In the last few weeks, we have seen some pushback from two federal judges against purported overreaching by special counsel Robert Mueller.

In one case, involving the prosecution of ex-Trump campaign chairman Paul Manafort for alleged illegal acts he committed in the course of some of his business ventures, the presiding judge expressed dismay that Manafort became a target of Mr. Mueller, who was ostensibly supposed to be investigating collusion between Russia and the Trump campaign in the 2016 presidential elections.

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The judge said it seemed to him that the special counsel was claiming “unfettered power” in going after Manafort whose business dealings at issue took place before the 2016 campaign! The judge told Mueller’s lawyers, “You don’t really care about Mr. Manafort. You really care about what information Mr. Manafort can give you to lead you to Mr. Trump and an impeachment, or whatever.”

While prosecutors typically charge one individual believed to be involved in a crime in a minor way to pressure him or her to “turn” on someone more heavily involved, the practice is ordinarily limited to participants in the same activity. What seemed to exercise the judge so much was that Manafort was not so-called “low hanging fruit,” but someone who may have unrelated legal exposure that Mueller seeks to exploit in the unrelated Russian investigation. If Manafort can be a target, anyone in theory can.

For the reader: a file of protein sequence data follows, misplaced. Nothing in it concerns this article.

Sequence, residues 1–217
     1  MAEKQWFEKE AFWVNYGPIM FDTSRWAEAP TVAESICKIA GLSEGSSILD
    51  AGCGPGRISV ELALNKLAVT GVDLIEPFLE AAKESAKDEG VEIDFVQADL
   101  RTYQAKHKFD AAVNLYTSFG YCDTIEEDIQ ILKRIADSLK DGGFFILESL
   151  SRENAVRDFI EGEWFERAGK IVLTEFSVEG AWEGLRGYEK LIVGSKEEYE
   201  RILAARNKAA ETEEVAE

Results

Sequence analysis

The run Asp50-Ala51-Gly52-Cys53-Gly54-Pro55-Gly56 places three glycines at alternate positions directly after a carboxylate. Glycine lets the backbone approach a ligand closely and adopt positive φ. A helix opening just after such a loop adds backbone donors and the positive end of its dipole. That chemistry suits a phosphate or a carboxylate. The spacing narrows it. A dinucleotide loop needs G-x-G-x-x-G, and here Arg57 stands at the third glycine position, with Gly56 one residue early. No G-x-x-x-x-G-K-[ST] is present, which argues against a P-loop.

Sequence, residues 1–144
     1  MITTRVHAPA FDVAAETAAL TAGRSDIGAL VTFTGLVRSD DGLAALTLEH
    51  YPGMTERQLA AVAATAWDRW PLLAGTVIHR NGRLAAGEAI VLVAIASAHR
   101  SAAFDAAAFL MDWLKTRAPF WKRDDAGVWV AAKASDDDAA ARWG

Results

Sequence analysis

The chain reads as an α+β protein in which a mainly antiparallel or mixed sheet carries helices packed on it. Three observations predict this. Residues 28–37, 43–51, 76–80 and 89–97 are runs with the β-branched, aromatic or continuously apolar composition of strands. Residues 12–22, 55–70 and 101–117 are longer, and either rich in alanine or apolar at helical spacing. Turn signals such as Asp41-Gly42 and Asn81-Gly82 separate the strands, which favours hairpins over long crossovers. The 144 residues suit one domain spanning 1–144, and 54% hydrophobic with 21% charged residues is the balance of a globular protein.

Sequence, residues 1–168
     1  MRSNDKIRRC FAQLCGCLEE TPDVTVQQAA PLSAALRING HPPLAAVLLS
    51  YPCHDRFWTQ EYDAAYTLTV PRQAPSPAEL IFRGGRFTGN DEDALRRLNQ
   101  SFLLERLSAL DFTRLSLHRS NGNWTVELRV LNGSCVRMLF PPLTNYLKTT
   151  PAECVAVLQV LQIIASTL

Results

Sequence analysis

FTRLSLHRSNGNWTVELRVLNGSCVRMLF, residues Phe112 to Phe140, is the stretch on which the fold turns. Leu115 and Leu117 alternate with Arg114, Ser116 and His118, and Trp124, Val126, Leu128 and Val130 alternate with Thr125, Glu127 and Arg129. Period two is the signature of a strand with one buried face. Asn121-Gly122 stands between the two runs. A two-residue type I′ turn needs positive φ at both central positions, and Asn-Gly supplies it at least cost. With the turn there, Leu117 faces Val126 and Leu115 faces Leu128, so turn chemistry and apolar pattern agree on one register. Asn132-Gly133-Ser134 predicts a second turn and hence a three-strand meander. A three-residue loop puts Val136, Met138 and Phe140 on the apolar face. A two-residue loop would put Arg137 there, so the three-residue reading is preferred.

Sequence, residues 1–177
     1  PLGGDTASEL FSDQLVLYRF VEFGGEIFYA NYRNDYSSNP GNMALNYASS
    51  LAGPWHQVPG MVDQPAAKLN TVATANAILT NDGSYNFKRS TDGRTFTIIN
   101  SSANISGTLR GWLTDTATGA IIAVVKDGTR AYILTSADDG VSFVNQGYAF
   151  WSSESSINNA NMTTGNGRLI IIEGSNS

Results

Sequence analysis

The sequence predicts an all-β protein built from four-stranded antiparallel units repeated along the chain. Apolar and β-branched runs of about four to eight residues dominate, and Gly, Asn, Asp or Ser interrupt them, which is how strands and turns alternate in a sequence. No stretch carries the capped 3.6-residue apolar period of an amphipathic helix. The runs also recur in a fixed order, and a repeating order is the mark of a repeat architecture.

As for the second case, Mr. Mueller’s office indicted a number of Russian individuals and companies for being complicit in Russia’s alleged involvement in the 2016 presidential campaign. Legal experts were quick to opine that since there was no way that the Russians could be brought before a U.S. court, the Mueller team was simply trying to suggest that despite the lack of any real, hard evidence having been uncovered after a year and a half, there really was a “Russian” dimension to the investigation. The prosecutors were thinking, they said, that they would never have to prove anything of the sort because the case would never be brought to trial.

Turns out that one of the indicted companies sent a lawyer into court to plead not guilty and to ask that key evidence underlying the indictment be turned over to it pursuant to the federal rules of procedure. Taken aback, Mueller’s team asked that all proceedings be suspended because of some procedural problems and said they were not prepared to proceed.

No dice, said the judge, and ordered them to move forward. Plainly the special prosecutor is no longer on a roll.

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